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The Bridgeport personal injury attorneys of Tremont Sheldon P.C.

Were You Injured in a Public Transportation Accident?

Tremont Sheldon P.C. handles all types of public transportation accidents, including train, bus and school transportation accidents. Over 37 million passenger trips occurred on the New Haven line of the Metro-North Railroad and over 38 million passenger trips occurred on the Connecticut Statewide Bus System, according to a 2012 Connecticut Department of Transportation report. While most of these trips occurred without incident, some accidents did happen and lives were impacted.

Commuter Rail and Passenger Train Accidents

Millions of Connecticut residents use the Metro-North New Haven and Shore Line East rail lines to commute to school, work and other destinations each day. The Metro-North train typically runs smoothly and is able to deliver its passengers to their destinations in a safe and timely manner. From time to time, however, Metro-North train accidents and derailments do occur, often resulting in injuries and, in some cases, death. The causes of such public transportation accidents vary from case to case, but may include the following:

  • Improperly switched lines
  • Debris or power lines on the tracks
  • Faulty equipment or improperly maintained tracks
  • Fatigued operators or operators driving under the influence
  • Excessive speeds
  • Distracted operation, including texting or the use of a cell phone or other electronic device

The injuries sustained from such accidents are often extensive due to the large number of passengers and the often inadequate number of seats.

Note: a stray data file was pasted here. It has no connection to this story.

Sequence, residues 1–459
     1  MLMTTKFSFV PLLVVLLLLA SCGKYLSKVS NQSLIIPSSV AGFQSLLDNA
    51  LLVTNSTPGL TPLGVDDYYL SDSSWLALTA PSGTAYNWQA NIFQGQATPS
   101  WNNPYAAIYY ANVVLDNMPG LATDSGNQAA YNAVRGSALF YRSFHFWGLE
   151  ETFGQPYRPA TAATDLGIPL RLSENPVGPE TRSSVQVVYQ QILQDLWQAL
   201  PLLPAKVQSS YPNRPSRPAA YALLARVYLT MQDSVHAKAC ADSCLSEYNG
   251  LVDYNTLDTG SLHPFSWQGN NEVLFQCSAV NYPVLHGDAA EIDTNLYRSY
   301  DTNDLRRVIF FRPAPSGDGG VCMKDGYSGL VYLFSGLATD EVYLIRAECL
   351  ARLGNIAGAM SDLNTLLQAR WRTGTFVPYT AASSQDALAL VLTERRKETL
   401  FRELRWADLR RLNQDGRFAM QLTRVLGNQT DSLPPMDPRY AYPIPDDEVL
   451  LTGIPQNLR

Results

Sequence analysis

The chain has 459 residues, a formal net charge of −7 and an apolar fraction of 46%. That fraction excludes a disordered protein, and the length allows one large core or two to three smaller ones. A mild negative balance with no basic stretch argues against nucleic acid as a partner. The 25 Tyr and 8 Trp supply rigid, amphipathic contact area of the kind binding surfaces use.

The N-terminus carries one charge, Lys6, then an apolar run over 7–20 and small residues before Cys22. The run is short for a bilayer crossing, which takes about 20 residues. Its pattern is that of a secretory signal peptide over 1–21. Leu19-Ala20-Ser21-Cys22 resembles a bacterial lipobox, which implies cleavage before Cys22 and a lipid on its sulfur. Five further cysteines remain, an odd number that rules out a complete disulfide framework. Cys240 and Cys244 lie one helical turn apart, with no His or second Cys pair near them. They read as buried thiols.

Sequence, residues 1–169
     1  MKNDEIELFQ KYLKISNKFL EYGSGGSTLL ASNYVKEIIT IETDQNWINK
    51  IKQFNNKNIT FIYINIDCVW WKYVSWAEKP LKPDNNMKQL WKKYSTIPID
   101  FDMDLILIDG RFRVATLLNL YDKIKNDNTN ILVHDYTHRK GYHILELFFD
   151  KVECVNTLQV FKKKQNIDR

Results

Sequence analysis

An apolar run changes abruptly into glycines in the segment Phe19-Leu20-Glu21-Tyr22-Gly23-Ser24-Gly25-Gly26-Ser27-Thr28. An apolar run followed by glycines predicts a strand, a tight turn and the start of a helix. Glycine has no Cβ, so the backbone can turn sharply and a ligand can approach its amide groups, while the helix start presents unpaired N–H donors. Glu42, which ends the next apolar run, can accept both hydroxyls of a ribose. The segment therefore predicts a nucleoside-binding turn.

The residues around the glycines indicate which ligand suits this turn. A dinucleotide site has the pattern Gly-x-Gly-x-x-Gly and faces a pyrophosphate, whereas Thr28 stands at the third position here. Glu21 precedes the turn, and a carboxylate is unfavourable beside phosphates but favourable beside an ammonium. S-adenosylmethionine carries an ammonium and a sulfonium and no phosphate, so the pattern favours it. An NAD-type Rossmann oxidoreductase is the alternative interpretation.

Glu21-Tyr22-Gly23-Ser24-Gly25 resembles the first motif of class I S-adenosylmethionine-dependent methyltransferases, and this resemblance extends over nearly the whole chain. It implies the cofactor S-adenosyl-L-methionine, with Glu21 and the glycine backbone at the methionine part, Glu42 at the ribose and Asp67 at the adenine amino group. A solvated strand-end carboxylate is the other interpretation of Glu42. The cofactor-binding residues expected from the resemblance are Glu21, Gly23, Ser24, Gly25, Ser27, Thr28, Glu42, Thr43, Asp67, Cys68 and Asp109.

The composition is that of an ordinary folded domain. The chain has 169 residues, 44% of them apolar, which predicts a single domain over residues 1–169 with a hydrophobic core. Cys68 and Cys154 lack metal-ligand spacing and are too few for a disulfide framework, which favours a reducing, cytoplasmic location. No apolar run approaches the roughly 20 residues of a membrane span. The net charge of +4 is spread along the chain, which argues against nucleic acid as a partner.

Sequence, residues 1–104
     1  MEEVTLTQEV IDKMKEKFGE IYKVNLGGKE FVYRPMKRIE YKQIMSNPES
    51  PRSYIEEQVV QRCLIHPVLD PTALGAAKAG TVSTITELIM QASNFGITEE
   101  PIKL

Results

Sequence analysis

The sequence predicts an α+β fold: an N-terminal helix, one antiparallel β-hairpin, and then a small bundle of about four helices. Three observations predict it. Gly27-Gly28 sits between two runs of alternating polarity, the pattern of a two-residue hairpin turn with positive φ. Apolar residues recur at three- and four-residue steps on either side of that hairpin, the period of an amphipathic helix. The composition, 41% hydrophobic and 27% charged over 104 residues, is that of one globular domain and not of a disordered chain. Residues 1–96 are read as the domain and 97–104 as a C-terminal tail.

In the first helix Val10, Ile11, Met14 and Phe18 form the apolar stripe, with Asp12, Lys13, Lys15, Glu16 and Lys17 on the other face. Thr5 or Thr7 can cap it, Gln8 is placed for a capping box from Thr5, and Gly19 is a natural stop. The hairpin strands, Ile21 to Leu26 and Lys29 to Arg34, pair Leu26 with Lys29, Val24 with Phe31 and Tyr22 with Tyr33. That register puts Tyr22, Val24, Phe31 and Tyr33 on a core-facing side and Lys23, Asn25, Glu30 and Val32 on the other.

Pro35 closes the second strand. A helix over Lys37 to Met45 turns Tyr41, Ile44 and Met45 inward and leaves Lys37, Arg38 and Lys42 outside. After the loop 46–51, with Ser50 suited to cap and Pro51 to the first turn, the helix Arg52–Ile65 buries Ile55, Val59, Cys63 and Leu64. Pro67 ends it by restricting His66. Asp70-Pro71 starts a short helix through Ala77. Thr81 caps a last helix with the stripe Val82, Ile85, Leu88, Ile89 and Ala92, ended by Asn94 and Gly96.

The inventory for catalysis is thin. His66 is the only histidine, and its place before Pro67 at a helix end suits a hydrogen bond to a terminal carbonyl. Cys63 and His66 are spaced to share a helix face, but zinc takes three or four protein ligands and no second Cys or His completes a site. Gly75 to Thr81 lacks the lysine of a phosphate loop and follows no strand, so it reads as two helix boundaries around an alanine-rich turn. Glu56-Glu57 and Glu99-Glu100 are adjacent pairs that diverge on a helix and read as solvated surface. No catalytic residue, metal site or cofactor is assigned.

Connecticut Statewide Bus System Accidents and School Transportation Accidents

Thirty-eight million passenger trips take place on public buses each year. This amount of ridership, coupled with an ever-increasing amount of traffic, makes bus accidents even more common than train accidents or derailments. Service providers in Connecticut include the Connecticut Statewide Bus System that provides public bus transportation throughout the state of Connecticut, and the Greater Bridgeport Transit system that provides public bus transportation to the following towns: Bridgeport, Trumbull, Fairfield, Stratford, Shelton, Derby, Monroe, Westport, Norwalk and Milford. Most school districts in Connecticut contract their bus routes out to either independent drivers and/or major bus companies such as First Student Bus Company. Bus accidents are often caused by the following:

  • Falling asleep at the wheel
  • Driving at excessive speeds
  • Distracted operation, including texting or the use of a cell phone or other electronic device
  • Driving under the influence
  • Improper road safety such as switching lanes abruptly or not making proper or complete stops
  • Not driving cautiously enough during dangerous weather conditions such as flood, ice or snow events

Ferry Accidents

Ferry accidents, though uncommon in Connecticut, do happen. In fact, Connecticut has several passenger ferries that bring passengers to their jobs and leisure destinations each day. The Bridgeport & Port Jefferson Steamboat Company transports commuters and other passengers across Long Island Sound to Bridgeport, Connecticut and Port Jefferson, New York. Ferry-related accidents can include: